For years, the Anti-Defamation League has held the clear, unwavering stance that videos made by terrorists and hate groups have no place on the internet. Hate-filled videos mislead children, poison the online experience for everyone, and serve as an unfortunate, yet effective, tool to recruit new generations of violent extremists.
Now, ADL is seeing the impact of its efforts on online hate videos: Google, including its subsidiary YouTube, and virtually all other major online video sites have developed policies, employed teams, and put technologies in place to tackle the problem of online hate.
Major brands — including Starbucks, Walmart, PepsiCo, AT&T, Verizon, Volkswagen and Johnson & Johnson — recently joined ADL in the condemnation of online hate, and they did it in a public way that shines a light on the problem and should dramatically impact Google’s bottom line. These advertisers pulled their ads from YouTube because Google’s ad placement algorithms allowed ads of these brands to appear before hate videos.
The Times of London estimates Google stands to lose a whopping $750 million in annual revenue as a result of the pulled advertising.
Google has acknowledged the need for improvement when it comes to the placement of ads on hate videos, though the company suggests, in the vast majority of cases, its policies work as intended. Google reportedly spends millions of dollars and employs thousands of people to stop bad advertising practices. Last year, it said it removed nearly two billion “bad ads” and prevented 300 million others from showing up on YouTube.
ADL is sympathetic to Google’s problem. The scale of the problem is immense. There are millions of sites in its network, and 400 hours of video are uploaded to YouTube every single minute. Google says it’s close to eliminating the placement of “bad ads.” But for the advertisers abandoning Google en masse because of mistaken ad placements, close is not good enough.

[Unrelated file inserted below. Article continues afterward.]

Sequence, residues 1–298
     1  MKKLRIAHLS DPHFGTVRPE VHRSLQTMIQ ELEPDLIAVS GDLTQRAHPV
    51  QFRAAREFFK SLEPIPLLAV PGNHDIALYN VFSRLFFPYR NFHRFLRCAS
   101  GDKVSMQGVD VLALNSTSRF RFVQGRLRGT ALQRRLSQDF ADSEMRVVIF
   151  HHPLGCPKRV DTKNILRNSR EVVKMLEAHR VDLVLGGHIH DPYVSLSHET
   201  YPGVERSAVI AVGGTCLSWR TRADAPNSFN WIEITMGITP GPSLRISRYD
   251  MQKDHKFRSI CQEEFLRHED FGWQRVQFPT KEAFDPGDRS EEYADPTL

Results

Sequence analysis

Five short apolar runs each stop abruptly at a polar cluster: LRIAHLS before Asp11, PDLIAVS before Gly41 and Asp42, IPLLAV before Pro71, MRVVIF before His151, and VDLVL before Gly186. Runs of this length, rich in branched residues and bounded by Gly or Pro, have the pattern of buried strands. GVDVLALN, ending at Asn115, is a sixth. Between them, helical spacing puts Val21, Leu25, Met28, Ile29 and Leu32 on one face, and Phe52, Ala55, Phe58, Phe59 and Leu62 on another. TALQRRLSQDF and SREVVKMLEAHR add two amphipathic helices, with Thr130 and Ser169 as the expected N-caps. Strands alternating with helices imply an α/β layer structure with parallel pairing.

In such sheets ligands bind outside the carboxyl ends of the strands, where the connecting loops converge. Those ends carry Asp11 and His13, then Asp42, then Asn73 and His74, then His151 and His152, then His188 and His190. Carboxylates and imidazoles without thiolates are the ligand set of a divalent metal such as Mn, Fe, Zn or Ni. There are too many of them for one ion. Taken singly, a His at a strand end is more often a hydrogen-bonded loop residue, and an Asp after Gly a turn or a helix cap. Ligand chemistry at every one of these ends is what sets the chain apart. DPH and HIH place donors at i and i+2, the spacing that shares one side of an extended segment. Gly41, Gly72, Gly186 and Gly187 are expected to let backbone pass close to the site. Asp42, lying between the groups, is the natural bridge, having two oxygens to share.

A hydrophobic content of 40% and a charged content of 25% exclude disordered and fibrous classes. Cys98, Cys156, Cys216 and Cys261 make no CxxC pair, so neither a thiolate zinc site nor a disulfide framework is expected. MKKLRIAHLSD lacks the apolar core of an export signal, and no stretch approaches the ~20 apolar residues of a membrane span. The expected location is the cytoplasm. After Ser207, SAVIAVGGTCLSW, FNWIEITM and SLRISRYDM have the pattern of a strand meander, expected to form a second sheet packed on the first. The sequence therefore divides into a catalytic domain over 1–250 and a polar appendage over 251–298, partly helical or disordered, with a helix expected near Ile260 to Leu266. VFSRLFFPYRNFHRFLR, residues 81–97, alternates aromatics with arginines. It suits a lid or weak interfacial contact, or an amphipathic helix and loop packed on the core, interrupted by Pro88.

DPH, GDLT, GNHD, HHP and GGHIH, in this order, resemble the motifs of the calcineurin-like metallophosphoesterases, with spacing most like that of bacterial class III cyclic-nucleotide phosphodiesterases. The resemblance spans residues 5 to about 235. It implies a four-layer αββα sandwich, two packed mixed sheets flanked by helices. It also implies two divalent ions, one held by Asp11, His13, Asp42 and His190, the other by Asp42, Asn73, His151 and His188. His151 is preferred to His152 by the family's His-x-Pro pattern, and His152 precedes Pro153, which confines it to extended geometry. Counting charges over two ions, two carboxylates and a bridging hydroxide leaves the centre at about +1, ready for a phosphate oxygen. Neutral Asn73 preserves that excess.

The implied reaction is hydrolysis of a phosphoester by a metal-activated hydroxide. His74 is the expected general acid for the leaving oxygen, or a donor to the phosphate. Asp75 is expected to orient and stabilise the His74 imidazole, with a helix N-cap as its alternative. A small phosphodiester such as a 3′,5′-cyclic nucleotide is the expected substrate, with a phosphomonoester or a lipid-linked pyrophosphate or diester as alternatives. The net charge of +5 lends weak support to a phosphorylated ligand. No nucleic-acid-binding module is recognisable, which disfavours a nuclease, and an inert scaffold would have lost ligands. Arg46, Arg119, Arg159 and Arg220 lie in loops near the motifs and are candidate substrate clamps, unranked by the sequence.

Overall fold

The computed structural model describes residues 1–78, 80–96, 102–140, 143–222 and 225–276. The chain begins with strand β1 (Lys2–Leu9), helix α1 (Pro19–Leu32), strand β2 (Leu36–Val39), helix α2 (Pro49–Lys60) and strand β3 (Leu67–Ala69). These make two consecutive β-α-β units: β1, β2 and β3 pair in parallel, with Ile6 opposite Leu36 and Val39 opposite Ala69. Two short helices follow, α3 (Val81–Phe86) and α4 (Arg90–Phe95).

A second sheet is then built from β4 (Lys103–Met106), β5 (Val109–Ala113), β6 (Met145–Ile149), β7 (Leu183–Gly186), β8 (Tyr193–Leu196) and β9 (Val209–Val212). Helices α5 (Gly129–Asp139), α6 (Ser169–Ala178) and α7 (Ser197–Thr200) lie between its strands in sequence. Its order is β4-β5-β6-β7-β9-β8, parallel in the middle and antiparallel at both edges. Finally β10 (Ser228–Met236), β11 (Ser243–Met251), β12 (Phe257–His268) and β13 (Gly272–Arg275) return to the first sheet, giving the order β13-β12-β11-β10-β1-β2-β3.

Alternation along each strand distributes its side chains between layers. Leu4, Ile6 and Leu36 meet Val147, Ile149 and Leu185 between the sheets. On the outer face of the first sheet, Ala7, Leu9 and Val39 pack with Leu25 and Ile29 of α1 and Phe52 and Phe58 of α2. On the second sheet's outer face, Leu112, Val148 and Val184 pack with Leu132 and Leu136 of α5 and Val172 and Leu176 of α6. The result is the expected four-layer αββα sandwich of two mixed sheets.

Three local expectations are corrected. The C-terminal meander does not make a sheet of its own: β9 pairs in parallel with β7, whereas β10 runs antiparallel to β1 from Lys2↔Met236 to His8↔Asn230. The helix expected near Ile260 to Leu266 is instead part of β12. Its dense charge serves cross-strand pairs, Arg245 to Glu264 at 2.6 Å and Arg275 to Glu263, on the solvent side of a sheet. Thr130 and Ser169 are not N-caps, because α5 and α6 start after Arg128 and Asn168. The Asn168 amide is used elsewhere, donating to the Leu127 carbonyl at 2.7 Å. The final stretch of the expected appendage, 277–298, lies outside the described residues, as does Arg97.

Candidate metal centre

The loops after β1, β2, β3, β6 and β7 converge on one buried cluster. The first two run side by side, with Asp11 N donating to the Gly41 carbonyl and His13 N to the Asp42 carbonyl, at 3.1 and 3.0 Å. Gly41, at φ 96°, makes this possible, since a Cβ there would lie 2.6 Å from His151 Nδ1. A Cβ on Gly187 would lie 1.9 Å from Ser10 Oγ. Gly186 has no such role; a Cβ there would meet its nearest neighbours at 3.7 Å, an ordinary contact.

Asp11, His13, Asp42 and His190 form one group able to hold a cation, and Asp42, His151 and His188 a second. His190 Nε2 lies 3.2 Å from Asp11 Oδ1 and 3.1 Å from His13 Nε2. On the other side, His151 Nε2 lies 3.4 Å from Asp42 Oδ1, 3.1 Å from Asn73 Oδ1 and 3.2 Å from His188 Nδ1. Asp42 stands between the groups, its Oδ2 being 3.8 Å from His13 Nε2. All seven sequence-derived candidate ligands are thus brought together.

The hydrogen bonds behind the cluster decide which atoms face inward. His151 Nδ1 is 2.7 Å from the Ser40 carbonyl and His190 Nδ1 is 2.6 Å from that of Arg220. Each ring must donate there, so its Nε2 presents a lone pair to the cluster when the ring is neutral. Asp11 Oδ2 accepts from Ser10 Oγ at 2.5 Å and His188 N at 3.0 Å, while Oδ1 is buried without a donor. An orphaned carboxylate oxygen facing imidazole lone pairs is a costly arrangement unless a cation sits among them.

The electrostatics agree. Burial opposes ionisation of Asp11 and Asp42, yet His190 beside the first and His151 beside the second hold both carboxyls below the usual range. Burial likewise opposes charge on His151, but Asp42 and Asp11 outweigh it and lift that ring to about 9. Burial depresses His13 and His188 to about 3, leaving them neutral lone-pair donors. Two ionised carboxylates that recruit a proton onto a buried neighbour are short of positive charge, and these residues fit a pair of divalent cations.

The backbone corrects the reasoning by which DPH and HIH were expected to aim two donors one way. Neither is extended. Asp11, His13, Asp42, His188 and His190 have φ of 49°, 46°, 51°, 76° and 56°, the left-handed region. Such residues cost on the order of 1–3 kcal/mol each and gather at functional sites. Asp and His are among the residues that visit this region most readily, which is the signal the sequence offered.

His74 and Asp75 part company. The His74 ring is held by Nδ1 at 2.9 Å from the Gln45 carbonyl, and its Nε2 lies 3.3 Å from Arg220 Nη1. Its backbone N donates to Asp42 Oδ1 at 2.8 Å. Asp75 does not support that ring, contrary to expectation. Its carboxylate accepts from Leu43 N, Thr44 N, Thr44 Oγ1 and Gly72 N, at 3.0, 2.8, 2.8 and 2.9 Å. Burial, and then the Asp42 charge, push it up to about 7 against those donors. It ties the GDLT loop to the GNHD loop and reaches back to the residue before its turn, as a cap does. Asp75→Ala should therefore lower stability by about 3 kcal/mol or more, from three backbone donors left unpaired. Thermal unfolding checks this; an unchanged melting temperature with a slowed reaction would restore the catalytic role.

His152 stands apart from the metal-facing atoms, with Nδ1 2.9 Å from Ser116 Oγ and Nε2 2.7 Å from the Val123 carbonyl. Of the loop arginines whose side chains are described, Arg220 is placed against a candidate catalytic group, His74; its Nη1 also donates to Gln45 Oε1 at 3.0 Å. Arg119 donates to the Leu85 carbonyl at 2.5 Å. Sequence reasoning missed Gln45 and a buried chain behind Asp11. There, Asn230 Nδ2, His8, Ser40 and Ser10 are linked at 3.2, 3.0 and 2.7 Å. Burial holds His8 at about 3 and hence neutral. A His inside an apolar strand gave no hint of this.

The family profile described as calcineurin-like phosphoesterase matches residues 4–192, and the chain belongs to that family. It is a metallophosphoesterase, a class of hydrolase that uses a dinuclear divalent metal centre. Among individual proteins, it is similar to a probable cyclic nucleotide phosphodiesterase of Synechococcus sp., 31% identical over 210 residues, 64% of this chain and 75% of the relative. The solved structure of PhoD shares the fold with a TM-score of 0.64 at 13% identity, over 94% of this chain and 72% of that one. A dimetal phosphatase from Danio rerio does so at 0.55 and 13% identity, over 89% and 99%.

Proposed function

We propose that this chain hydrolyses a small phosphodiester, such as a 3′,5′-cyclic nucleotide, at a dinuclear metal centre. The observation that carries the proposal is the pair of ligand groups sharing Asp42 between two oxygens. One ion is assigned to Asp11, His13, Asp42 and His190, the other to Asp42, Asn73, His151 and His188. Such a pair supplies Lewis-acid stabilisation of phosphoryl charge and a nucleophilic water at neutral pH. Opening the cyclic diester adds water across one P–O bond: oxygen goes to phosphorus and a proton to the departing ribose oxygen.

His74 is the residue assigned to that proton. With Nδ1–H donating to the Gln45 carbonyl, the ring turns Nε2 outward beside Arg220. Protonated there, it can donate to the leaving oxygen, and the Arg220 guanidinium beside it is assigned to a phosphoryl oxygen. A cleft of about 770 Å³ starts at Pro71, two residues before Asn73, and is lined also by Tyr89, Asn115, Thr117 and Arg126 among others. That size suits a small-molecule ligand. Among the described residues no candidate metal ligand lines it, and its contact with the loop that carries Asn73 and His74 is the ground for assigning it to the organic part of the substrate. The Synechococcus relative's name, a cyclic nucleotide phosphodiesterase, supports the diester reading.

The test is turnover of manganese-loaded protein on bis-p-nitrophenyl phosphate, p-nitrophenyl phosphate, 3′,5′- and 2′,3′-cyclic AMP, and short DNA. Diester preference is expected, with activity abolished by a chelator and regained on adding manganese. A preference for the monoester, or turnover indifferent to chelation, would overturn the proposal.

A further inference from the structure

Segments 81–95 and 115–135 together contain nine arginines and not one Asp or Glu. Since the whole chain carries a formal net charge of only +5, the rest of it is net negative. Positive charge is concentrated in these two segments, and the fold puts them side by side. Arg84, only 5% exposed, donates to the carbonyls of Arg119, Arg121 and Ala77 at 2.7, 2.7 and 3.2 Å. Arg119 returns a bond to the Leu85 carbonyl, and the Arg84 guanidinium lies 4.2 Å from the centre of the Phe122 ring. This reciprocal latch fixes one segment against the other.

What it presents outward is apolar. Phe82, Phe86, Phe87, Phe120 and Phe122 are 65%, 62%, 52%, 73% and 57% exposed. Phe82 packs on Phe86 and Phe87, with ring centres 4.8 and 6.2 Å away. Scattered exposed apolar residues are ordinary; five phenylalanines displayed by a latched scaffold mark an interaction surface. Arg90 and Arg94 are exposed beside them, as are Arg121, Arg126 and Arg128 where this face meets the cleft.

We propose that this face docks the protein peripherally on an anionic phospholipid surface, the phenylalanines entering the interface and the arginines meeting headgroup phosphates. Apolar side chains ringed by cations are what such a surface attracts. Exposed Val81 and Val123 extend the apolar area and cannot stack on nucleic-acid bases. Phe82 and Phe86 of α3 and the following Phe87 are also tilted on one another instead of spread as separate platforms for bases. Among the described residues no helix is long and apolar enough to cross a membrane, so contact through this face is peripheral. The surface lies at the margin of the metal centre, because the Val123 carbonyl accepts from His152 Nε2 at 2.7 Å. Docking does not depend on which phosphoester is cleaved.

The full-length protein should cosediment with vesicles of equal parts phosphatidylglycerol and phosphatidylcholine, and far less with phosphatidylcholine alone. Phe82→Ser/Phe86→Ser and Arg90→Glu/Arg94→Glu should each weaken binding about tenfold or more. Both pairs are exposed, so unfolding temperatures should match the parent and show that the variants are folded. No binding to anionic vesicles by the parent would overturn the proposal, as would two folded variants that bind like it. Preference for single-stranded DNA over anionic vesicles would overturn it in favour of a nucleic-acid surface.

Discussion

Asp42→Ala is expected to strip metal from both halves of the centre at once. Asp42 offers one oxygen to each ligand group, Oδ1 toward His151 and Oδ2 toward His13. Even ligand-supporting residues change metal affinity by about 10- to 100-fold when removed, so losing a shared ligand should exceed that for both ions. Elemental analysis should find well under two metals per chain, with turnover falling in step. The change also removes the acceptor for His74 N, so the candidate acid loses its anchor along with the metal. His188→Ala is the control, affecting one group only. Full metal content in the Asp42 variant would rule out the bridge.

ADL is eager, as we have in the past, to work with Google on this next chapter of the fight against online hate. We caution against overreaction and hope legitimate free expression is not affected by new filtering approaches. Determining what is and what is not hate speech is often a nuanced exercise that cannot be left entirely to artificial intelligence.
The current crisis is an opportune time for Google and other online companies to consider innovative approaches to the problem. Years ago, when a search of the term “Jew” on Google returned the website of a virulently anti-Semitic website, Google placed an ADL ad alongside the search result so users could access information on anti-Semitism and hate speech. A similar approach is necessary in this new world of online video hate.
Since the advent of the internet, ADL has encouraged online platforms to take online hate seriously. The recent episode with Google shows that others, including major corporations, share ADL’s serious concern. The time to develop new solutions to combat this pernicious problem is now.
Brittan Heller is Director of the Anti-Defamation League’s Center on Technology and Society, based in Silicon Valley.